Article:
Back again for a very tricky third instalment of my annual awards show. Why tricky? Well, as you know, the rules are that I can only give out prizes to movies released in the past year that I saw in the past year. And guess what happened? There was a pandemic. A lot of movies ended up being released directly to streaming platforms, and I don’t subscribe to any of those. Which means that I really had my work cut out for me. In 2018 I only had a slate of 13 movies to choose from. Last year I upped that to 20 titles. But this year I dropped down to 10. That doesn’t give me a lot of wiggle room. But in some cases that only made the competition more intense!
Here is the list of movies that qualified in 2020:
Bad Boys for Life
Bill & Ted Face the Music
Birds of Prey: And the Fantabulous Emancipation of One Harley Quinn
Brahms: The Boy II
The Invisible Man
The Social Dilemma
Whew! Not very pretty, is it? Well, let’s get started.
Best Film: Not all that hard a pick. The one wrinkle is that The Social Dilemma is a documentary, which makes it difficult to judge alongside the others. I liked it well enough, but I didn’t think it was anything special. I’d say the same for The Invisible Man. Which leaves me with Emma, since the other movies are all different shades of junk. I didn’t think Emma was a great movie, especially given its second half and what it does to Mr. Knightley, but compared to the rest of this field it’s the clear winner. So Emma it is.
Worst Film: A real horse race. Bad Boys for Life, Bill & Ted Face the Music, Birds of Prey, Bloodshot, Brahms: The Boy II, Fantasy Island, and The Grudge are all franchise material, and were all disappointing. That word “disappointing” feels particularly apt. Apparently Birds of Prey was a labour of love for Margot Robbie and she spent three years bringing it to fruition. They had 17 years to work on a sequel to Bad Boys II. 29 years to follow up Bill & Ted’s Bogus Journey. and Fantasy Island had been a property sitting on the shelf since 1984 (barring a short-lived revival of the show in 1998). But despite having so much time, not to mention lots of money and talent, they couldn’t come up with anything better? This is how they treat franchise fans?
It’s hard to say which of these was the biggest let-down. I might say Brahms: The Boy II because I couldn’t understand why anyone had bothered with a sequel to The Boy in the first place. Honestly, I could pick any one of these. But I guess I’ll say Fantasy Island just because of how stupid and damaging to the brand the ending was, and not because it was really any worse than the others.
Best Actor: Welcome to the wasteland. I have nothing for you here. It was fun to watch Demián Bichir mumble his way through The Grudge. Aside from that . . . Johnny Flynn was miscast as Mr. Knightley in Emma, though I guess he did his best, which wasn’t all that good. Vin Diesel is a plastic action figure. He can’t really act. Michael Pena, who I like, was wasted in Fantasy Island. This is hard. Alex Winter and Keanu Reeves in Bill & Ted? I mean, they reprise roles that are thirty years old, without adding much of anything. Is that an achievement? Maybe it counts for something. So, since they’re inseparable in the movie, let’s make it a joint award for the two of them. But if it weren’t against the rules I would forfeit the award this year.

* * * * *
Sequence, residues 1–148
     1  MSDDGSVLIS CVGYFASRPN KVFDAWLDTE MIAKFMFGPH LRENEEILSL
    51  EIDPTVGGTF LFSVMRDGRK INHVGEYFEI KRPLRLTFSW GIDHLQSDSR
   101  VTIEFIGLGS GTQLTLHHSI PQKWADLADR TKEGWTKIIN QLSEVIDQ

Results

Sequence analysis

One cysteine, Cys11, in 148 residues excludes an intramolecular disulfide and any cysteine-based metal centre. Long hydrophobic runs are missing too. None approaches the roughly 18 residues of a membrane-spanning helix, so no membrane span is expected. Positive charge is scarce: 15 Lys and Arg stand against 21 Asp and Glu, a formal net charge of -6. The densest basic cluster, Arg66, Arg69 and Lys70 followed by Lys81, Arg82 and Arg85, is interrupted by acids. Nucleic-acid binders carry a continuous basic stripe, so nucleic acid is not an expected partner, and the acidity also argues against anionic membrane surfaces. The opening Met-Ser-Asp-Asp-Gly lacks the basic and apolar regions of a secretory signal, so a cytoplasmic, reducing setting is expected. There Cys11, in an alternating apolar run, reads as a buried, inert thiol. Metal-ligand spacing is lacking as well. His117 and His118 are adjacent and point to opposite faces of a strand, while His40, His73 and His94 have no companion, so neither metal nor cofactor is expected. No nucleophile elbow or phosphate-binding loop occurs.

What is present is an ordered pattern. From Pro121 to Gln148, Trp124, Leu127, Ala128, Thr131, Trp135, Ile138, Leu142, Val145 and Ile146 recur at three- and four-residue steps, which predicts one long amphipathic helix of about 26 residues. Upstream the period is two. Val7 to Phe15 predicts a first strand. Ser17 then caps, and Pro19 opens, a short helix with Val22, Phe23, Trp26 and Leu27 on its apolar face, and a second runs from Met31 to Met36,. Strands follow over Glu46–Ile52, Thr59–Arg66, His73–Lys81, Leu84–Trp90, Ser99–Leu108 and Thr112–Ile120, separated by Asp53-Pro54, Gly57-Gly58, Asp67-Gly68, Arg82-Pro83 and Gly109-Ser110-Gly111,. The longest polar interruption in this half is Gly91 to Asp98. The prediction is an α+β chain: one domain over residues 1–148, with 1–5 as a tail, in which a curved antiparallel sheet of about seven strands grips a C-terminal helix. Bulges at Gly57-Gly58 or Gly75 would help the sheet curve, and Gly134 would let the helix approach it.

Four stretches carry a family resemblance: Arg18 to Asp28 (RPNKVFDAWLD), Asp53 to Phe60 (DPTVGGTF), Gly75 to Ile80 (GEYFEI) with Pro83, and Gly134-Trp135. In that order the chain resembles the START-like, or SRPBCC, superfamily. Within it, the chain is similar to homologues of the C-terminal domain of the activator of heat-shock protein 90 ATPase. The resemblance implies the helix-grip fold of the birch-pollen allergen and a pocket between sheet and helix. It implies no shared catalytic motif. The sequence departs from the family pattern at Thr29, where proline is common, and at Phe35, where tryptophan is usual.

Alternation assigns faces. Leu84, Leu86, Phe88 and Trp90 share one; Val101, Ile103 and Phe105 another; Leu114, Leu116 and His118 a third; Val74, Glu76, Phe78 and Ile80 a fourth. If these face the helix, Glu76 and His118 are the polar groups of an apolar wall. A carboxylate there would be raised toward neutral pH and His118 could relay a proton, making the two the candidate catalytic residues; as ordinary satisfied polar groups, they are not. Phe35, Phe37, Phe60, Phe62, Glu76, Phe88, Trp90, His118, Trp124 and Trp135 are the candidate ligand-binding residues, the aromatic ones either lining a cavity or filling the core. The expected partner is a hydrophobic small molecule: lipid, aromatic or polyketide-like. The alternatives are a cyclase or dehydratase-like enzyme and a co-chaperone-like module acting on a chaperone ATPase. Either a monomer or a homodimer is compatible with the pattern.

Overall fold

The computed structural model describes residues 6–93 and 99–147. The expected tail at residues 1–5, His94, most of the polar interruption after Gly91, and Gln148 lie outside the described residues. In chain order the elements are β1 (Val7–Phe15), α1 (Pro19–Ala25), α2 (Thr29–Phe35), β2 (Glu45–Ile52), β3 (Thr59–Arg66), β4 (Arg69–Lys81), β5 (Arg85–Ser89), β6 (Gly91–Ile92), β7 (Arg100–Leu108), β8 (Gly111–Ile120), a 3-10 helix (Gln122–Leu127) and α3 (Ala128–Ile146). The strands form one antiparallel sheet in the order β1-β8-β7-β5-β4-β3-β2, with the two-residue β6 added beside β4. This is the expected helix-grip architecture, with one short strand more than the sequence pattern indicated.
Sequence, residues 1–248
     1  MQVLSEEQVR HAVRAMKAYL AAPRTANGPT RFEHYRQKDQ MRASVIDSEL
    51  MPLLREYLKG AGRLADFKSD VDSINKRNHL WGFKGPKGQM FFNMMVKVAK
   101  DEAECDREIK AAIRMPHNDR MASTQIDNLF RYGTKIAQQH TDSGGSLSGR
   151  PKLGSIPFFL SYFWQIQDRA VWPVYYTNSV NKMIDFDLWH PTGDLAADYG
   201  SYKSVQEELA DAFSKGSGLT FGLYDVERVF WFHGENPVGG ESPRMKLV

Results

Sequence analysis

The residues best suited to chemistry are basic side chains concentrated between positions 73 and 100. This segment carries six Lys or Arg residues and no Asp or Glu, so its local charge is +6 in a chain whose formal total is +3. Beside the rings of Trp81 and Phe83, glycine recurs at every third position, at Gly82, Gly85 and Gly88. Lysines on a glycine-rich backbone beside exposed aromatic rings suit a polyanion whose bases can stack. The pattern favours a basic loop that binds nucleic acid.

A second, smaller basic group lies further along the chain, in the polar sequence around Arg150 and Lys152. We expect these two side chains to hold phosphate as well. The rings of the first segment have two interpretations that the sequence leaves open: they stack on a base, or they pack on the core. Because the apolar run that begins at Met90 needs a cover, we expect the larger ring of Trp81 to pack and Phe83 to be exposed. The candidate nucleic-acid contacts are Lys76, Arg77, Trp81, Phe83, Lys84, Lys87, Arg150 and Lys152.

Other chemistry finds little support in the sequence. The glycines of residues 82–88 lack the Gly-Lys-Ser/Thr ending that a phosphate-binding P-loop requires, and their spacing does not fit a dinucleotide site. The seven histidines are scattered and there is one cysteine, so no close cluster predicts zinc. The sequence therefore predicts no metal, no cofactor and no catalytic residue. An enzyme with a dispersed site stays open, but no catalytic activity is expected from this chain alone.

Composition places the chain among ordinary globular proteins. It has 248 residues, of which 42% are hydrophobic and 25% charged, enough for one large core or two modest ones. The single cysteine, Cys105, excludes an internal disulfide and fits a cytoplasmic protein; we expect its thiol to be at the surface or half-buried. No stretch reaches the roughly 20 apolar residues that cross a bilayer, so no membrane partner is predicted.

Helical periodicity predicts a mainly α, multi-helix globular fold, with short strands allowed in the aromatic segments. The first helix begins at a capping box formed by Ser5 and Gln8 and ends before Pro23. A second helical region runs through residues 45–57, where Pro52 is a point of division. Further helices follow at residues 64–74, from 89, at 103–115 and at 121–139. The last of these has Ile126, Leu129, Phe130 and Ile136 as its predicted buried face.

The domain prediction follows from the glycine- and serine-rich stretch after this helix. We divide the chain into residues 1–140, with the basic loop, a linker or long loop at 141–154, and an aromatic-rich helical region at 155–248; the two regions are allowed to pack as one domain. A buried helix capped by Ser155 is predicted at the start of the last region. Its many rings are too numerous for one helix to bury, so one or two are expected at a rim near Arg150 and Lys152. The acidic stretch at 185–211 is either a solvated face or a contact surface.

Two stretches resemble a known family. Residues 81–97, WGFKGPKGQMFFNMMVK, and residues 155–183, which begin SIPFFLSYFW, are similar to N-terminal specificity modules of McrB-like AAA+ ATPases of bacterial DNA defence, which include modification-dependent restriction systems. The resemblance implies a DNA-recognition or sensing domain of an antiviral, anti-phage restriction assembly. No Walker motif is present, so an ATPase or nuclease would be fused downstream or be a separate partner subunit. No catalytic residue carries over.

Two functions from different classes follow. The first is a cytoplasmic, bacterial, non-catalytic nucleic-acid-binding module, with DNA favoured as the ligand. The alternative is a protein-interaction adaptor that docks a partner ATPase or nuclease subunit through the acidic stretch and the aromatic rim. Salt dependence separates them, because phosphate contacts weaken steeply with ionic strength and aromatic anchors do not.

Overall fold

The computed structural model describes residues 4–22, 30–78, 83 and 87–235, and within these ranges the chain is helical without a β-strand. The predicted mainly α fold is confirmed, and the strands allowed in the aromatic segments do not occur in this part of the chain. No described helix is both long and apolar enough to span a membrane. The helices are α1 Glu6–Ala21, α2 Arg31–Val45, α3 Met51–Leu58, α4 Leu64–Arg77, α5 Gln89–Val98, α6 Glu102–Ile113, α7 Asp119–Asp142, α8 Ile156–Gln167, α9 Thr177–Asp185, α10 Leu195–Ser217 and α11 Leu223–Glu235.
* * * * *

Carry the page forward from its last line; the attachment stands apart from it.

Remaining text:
Best Actress: Actually a decent competition here. Elizabeth Moss is solid in The Invisible Man, but I also really liked Andrea Riseborough, whose performance almost single-handedly made The Grudge bearable. Another example of a good actor making what they can out of a bad situation. I did, after all, give this award to Margot Robbie in 2018 for Terminal. Alas, I didn’t think Robbie could save Birds of Prey this year. In any event, I can’t bring myself to put any of these women ahead of Anya Taylor-Joy in Emma, which was an effective star turn that carried the movie.
Best Screenplay: More awfulness. Here’s what I said in 2019: “I thought last year’s award for Best Screenplay was grim pickings, but compared to this year’s crop they seem like works of genius.” Well, guess what? Compared to 2020, 2019’s nominees look like works of genius. I’m actually a bit in awe at the kinds of depths screenwriting is currently exploring. Most of these movies had scripts that were wholly formulaic and uninteresting. I have to give the award to Eleanor Catton for Emma, even though she was adapting a novel. I mean, at least she didn’t make a total hash of it.
There you have it. Time to kick 2020 to the curb and start again. Here’s hoping for some better viewing in 2021!